“We’re thrilled to welcome DeMarcus Cousins and Omri Casspi to the New Orleans Pelicans family,” stated Pelicans General Manager Dell Demps. “This is an exciting time for Pelicans fans as we continue our quest for long-term success. I know our fans are equally excited to welcome DeMarcus and Omri to our great city. I want to thank Mr. and Mrs. Benson, Dennis Lauscha and Mickey Loomis for their continued support and providing the resources for us to be successful. I’d also like to thank Tyreke Evans, Langston Galloway and Buddy Hield for their professionalism and hard work on the court and in the community during their tenure in New Orleans.”
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April 20, 2018 | 10:12 am EDT Update
According to a source, Dolan last season sent an email to Hornacek saying he was disappointed in him for not buying fully into the triangle offense. This took place sometime around the All Star break. So we know that as recently as last season Dolan, who loves to tell you he’s not involved, was actually pushing Phil Jackson’s offense down Hornacek’s throat in a not-so-subtle way.
Storyline: New York Knicks Turmoil?
David Lee will leave for the French Open in 10 days. He hopes before heading to Paris with fiancée Caroline Wozniacki that Mark Jackson is named the Knicks head coach. The ex-Knicks/ex-Warriors power forward played for Jackson in Golden State for all three of Jackson’s seasons. “He has a very smart perspective looking at the game,’’ Lee told The Post in a phone interview. “Especially dealing with what you want in New York, you need somebody to understand the landscape. “Coaching and playing in New York is different than any city. You see it in baseball — superstars play for the Yankees either thrive or shy away from the situation. Mark understands the difference in New York basketball. He’s from there. He understands the politics, the fans, things involved unique to the Knicks. That’s an advantage he has.’’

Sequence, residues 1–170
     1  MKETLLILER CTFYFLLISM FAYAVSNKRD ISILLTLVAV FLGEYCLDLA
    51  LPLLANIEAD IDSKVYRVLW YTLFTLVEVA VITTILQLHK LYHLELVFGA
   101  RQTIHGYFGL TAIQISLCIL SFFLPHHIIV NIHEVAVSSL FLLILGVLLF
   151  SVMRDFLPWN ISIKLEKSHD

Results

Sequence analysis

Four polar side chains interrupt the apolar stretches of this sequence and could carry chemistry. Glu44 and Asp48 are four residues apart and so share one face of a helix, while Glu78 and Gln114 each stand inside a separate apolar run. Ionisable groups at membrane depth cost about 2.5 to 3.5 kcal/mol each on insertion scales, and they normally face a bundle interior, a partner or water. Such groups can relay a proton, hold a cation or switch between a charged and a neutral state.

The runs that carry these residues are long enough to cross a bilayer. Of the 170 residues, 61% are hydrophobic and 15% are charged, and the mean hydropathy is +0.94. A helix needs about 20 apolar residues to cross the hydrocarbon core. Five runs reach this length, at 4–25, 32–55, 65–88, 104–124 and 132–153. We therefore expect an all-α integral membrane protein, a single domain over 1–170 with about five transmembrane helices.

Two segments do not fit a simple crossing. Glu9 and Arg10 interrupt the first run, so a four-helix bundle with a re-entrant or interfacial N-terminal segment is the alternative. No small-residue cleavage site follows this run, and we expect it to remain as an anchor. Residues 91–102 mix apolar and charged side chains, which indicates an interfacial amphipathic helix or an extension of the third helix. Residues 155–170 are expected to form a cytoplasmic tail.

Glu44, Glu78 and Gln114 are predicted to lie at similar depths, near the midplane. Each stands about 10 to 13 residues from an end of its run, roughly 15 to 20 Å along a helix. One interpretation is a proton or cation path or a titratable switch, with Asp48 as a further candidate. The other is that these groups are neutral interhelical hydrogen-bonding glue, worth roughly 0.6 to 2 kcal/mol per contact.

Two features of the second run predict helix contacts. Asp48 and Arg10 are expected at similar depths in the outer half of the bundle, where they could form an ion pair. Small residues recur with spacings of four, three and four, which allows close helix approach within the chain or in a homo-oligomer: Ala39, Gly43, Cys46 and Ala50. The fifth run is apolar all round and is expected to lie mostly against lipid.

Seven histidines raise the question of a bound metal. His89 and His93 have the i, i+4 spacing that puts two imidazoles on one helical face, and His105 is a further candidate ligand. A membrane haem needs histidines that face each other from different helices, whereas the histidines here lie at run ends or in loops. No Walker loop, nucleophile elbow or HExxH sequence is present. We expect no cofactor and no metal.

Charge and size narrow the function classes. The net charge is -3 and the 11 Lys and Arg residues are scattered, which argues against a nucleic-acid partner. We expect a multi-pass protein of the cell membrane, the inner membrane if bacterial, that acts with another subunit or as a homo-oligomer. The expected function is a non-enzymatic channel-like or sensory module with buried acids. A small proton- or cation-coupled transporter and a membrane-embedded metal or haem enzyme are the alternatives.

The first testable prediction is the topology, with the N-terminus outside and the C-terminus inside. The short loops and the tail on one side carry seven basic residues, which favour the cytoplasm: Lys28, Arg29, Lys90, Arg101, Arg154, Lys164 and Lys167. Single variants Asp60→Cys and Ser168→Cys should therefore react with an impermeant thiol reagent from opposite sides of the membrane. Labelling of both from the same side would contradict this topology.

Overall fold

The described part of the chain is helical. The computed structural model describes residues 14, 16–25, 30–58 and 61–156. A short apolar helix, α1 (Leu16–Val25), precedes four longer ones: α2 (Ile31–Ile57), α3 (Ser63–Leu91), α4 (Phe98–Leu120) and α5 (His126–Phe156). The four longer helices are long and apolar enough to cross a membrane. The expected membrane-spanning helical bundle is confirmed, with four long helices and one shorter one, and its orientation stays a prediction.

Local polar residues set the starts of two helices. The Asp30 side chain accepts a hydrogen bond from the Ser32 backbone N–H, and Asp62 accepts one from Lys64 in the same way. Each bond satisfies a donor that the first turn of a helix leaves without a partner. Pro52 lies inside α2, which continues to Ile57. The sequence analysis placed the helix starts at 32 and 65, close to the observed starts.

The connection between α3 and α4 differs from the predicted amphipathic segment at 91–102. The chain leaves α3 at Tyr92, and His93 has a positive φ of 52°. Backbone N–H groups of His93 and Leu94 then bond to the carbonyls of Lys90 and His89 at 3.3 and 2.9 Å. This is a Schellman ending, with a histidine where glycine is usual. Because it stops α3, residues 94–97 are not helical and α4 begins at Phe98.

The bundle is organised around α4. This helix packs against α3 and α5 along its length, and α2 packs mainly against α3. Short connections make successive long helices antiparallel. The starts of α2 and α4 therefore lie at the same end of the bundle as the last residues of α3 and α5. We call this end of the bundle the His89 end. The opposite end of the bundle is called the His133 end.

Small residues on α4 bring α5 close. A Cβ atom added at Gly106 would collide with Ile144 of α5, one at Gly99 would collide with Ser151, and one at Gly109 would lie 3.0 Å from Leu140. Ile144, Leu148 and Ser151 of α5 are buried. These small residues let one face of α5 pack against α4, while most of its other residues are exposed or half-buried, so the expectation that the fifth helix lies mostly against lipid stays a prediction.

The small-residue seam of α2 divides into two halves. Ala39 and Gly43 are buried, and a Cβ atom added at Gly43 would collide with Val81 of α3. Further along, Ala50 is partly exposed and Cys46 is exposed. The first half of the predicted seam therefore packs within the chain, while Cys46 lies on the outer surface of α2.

Work ethic, preparation and a willingness to perform the humdrum tasks of the job are vital, but any head coach who can’t get out of the training facility by 6:30 p.m. on a non-game day may be putting on airs. Welcome to the era of work-life balance, where “not having a life outside basketball” is more a detriment than a curse, a demonstration that a coach might lack a native curiosity of the greater world that can actually help him do his job, relate to his players and colleagues and generally be a pleasant person to be around. The season is far too long and concentrated to approach the job otherwise in a league where “playing with joy” is the new imperative.